Despite the flexibility that PARs introduce to the system operator, they never acquired widespread usage because they are slow and they have a relatively poor reputation for reliability. Also, they introduce a high series impedance in the line. The slow speed and poor reputation for reliability are mainly attributable to the use of mechanical load tap changers. Recent improvements in load tap changers seem to have improved reliability perceptions, but the slow speed (several seconds per tap change and a minute or more for major angle changes) renders these devices unusable for all but steady-state concerns. The high series impedance results from the connection of the two transformers. The leakage reactance of the series winding always appears in series with the supply transmission line whenever the PAR is in service. The leakage reactance of the excitation winding also appears in series with the supply transmission line, but varies with the angle shift.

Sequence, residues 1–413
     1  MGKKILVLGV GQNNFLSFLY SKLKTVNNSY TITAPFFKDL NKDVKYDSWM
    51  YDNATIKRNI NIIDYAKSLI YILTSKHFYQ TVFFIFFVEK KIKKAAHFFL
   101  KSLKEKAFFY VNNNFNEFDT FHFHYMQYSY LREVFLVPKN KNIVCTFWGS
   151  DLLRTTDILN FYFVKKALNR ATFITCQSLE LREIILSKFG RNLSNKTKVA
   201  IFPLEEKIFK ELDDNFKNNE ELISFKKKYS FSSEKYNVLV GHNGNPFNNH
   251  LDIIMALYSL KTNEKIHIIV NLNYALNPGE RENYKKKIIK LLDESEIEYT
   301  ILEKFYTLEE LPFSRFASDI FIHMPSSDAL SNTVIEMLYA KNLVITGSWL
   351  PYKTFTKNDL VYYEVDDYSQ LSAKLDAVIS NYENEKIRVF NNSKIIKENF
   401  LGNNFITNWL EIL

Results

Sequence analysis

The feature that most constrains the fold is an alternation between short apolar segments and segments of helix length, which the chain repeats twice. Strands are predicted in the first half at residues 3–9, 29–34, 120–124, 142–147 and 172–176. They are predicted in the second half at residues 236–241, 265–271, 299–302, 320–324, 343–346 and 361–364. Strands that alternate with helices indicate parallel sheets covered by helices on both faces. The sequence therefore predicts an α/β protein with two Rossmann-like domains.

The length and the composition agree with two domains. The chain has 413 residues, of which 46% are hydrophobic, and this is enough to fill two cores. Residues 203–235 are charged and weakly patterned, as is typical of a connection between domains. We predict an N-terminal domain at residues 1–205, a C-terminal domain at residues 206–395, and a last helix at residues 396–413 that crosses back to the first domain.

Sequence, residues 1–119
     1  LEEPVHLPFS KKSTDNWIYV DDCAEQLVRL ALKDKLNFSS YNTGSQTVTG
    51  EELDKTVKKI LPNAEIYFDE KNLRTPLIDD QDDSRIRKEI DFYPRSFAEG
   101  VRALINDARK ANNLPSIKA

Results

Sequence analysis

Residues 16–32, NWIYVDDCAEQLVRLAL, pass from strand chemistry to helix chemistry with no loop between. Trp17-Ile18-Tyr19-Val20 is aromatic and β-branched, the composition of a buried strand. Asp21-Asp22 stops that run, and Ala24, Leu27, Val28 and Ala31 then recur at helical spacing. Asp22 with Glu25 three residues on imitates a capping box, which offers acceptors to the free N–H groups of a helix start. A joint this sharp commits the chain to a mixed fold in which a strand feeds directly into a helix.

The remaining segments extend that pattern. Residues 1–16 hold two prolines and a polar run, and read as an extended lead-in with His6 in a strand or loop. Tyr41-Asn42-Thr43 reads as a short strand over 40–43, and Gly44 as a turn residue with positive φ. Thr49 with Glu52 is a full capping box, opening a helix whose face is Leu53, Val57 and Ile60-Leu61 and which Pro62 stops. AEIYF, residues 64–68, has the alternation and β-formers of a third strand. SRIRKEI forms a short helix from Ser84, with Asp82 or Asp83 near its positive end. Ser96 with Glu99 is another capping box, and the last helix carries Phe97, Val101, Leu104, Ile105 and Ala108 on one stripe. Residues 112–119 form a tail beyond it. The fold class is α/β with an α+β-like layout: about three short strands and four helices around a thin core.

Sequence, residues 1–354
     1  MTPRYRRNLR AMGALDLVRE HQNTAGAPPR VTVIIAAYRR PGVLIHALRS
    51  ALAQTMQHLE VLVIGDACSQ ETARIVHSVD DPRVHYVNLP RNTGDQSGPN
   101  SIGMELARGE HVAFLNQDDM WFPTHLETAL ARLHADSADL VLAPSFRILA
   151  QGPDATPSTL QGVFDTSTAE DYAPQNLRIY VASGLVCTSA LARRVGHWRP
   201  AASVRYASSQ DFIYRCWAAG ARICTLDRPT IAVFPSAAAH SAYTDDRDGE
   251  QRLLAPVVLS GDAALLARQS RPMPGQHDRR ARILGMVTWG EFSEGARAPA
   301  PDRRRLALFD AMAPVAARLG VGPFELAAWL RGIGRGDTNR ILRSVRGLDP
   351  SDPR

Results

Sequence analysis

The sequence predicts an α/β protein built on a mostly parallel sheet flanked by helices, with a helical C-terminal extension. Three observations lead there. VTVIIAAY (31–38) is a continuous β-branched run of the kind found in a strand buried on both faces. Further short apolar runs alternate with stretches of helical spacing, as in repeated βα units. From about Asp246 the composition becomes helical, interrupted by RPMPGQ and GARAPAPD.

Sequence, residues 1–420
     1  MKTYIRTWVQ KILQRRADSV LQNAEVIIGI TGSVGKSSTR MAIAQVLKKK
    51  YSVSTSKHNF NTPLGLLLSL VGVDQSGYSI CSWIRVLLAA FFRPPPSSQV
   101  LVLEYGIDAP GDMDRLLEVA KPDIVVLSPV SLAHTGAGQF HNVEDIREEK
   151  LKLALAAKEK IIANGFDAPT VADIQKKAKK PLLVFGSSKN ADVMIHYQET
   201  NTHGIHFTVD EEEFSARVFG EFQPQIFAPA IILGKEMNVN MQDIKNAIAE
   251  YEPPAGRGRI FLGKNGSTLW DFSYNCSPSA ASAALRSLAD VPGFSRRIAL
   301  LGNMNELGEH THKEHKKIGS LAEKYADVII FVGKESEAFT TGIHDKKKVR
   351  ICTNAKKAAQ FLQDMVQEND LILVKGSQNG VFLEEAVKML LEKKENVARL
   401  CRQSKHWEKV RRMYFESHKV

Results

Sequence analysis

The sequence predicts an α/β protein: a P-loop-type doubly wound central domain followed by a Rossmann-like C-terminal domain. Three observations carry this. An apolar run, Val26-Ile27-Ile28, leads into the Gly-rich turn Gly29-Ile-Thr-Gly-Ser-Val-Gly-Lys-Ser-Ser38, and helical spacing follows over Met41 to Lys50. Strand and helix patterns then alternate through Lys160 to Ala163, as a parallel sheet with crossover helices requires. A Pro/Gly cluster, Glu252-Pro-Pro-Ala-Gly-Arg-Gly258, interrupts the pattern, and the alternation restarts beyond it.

The reactance inserted in a line by a phase shifter can be quite significant. Indeed, it is not uncommon, particularly on cable circuits, for the reactance of the PAR to exceed the reactance of the line with which it is placed in series. An additional consequence of the relatively high impedance of PARs is that they can consume significant amounts of reactive power at high power transfer levels; normally, a large reactive power source must be located close to a PAR to ensure adequate voltage regulation during contingencies.